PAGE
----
My thoughts on philosophy, language learning, photography, theology, and life in general. All are welcome! I hope my random ramblings can somehow improve your life. I'm really only writing for my own benefit, as a journal of sorts. Hope you enjoy.
Some of you may know that I'm currently attending a special Korean language program in Korea. I'm studying at Kyunghee University (경희대학교) in Seoul. It's funny, even as I'm trying to type the name of the university in English, I'm having trouble, because I only see it in my mind's eye as 경희. Well anyways, I LOVE IT! One of the best things has been the friends that I've made already. I'll be honest, I could get the same classwork/teaching in Japan (on Okinawa), they occasionally have teachers come and they put on a great class! But, the real benefit of coming here to Korea is the chance to interact with it everyday and everywhere, especially as I make friends. If I were going to class on Okinawa, sure it'd be able to go home to my family every night, but my use of the language would be limited outside of class. While I'm here I have to use Korean all the time! I use it to do laundry, turn on/off the heater in my room, order coffee at the coffee shop (though they use a lot of English there), order food at every restaurant, at the grocery (that was tough, I don't deal with food that much in English, so it was much harder in Korean), etc. etc.
Really the best part though, is making Korean friends. The very first night I was here, I had eaten dinner and was looking for a bar that the waiter had recommended. I was lost, and as I walked I was looking for someone from which to get directions. I saw a young(ish) looking man walking my way and we made eye contact and I guess my face said I had a question before my voice did, because he stopped, pulled out his earphones and greeted me in English. I generally make it a habit to not try to talk to people wearing earphones so after telling him I had a question I appologised for interrupting him. I told him what I was looking for, and in true Korean style, he said that he would go with me looking for it. Well, quite easily, we found the bar and he came in with me, sat down and we talked for hours, even though he had been at work since early that morning. Turns out, he's a writer for a Korean newspaper the "Segye Daily [News]" ("세계일보"). We chatted for a long time, exchange contact information and went our merry ways, though we've gotten together again since at a beautiful little cafe that has more LPs than one could ever hope to finish, at which he introduced me to a friend from high school (or middle school I don't remember). Since that first chance meeting I've made many other friends, some of which replied (within minutes) to an ad I posted on Craigslist (odd, I know I've never used Craigslist before).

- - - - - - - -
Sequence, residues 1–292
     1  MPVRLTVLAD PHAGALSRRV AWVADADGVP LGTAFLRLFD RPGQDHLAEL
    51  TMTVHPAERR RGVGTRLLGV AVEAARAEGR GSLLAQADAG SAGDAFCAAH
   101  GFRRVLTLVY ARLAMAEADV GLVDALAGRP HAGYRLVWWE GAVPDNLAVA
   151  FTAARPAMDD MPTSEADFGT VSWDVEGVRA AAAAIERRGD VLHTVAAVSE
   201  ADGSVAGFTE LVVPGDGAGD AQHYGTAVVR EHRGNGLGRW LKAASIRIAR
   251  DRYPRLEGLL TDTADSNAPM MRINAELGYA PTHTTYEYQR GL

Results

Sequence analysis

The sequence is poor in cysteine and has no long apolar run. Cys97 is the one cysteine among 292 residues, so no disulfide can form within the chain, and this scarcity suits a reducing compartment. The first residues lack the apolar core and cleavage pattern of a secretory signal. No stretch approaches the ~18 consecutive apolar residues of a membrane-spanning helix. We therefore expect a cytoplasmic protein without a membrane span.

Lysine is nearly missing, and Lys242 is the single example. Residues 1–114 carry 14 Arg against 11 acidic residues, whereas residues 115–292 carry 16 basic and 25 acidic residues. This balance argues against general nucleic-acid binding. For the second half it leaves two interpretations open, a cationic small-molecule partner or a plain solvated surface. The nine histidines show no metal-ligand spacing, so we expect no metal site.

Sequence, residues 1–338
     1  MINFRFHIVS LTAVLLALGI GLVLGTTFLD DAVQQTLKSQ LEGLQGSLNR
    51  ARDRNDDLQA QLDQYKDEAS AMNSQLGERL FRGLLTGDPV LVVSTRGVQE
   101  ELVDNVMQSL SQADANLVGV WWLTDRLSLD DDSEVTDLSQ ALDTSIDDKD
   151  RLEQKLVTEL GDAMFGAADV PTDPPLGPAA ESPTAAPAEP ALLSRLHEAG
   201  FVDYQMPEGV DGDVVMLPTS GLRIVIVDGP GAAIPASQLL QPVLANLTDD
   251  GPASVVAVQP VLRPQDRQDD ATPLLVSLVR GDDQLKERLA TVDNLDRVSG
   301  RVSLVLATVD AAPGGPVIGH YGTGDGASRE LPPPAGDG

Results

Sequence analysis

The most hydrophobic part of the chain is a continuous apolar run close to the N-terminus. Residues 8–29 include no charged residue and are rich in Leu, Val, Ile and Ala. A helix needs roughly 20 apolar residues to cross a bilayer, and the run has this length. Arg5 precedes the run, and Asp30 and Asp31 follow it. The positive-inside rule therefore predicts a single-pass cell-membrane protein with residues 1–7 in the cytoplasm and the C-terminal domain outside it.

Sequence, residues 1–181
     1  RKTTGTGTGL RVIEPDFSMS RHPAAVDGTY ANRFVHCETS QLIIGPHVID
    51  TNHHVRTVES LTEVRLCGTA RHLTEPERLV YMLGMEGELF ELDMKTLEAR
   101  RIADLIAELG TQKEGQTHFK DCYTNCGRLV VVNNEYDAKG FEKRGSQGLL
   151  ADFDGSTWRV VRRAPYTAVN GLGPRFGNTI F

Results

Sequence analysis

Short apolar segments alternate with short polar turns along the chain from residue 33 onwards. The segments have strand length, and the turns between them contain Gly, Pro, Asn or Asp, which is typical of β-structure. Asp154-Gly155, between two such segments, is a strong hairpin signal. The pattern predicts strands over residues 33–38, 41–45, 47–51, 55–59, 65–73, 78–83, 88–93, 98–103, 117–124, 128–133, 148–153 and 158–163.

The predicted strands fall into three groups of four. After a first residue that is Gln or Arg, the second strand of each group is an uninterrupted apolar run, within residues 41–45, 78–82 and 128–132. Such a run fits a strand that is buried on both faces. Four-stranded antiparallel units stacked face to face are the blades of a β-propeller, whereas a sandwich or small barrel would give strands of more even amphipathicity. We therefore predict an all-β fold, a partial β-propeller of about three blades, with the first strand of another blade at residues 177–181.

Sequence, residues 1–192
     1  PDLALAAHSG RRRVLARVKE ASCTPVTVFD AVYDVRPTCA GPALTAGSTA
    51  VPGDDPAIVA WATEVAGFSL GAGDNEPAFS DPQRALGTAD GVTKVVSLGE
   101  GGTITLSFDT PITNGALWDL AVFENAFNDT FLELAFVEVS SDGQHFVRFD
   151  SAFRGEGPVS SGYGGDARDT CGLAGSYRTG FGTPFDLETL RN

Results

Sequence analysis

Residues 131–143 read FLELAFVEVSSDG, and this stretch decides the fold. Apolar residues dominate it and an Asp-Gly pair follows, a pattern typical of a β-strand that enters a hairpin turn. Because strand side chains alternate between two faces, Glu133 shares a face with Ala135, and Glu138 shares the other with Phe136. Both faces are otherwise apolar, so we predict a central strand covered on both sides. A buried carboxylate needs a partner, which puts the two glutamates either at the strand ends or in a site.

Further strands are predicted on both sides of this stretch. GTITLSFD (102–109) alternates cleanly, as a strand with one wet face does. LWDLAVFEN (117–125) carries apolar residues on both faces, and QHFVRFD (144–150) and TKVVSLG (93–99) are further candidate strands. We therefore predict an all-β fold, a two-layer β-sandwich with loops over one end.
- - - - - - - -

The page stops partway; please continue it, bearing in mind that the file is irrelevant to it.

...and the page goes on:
Which brings me to the point of this whole entry:
I was chatting with my newest language exchange partner (언어교환친구) and we started talking about communication. Let me tell you, this was really difficult with my limited vocabulary! Try communicating something like this:
In a different language! Talk about meta! Talking about communicating whilst communicating and dealing with the worst types of interference. It's not pictured on this particular diagram, but anyone who's studied communication knows that it's never this simple. There's so much interference between each step. The "sender" has interference in translating thoughts into words, or in my case into words in different languages. Then there's interference in the channel/media, maybe the "receiver" doesn't hear the whole message, maybe the receiver is seeing one visual/non-verbal message but receiving a different message, etc. etc. Well, I love this kind of thing and the only thing that I don't like about spending time here is the constant reminder/humbling I receive showing me just how much I don't know when it comes to expressing myself in Korean.
There are a few upcoming events in my life that I want to talk about. I've been thinking about this for a while and I'd like to air my ideas here.
First, (not in precedence in timeliness) is another trip to Korea. I was privileged to visit Korea some years ago for a language class, and I'm slated to go back in late January. Of course the timing could be better, what with it being winter and all my winter clothes are stored with all the rest of the stuff I didn't think I'd need living on a sub-tropical island. So, I'll be spending about a month in Korea where the average high temps in Jan-Feb is between 34°F and 40°F so, yeah, chilly. Oddly enough, last time I went to Korea it was in January. I'm excited though, I had a good time the last time I went and I'm sure I'll have a good time again. It'll be nice to be in a place where I'll be able to read the street signs. I know a few Kanji (漢字, pronounced hanja 한자 in Korean) and some but not all of the kanas, so I can read some of the street signs here but the vast majority are a mystery to me.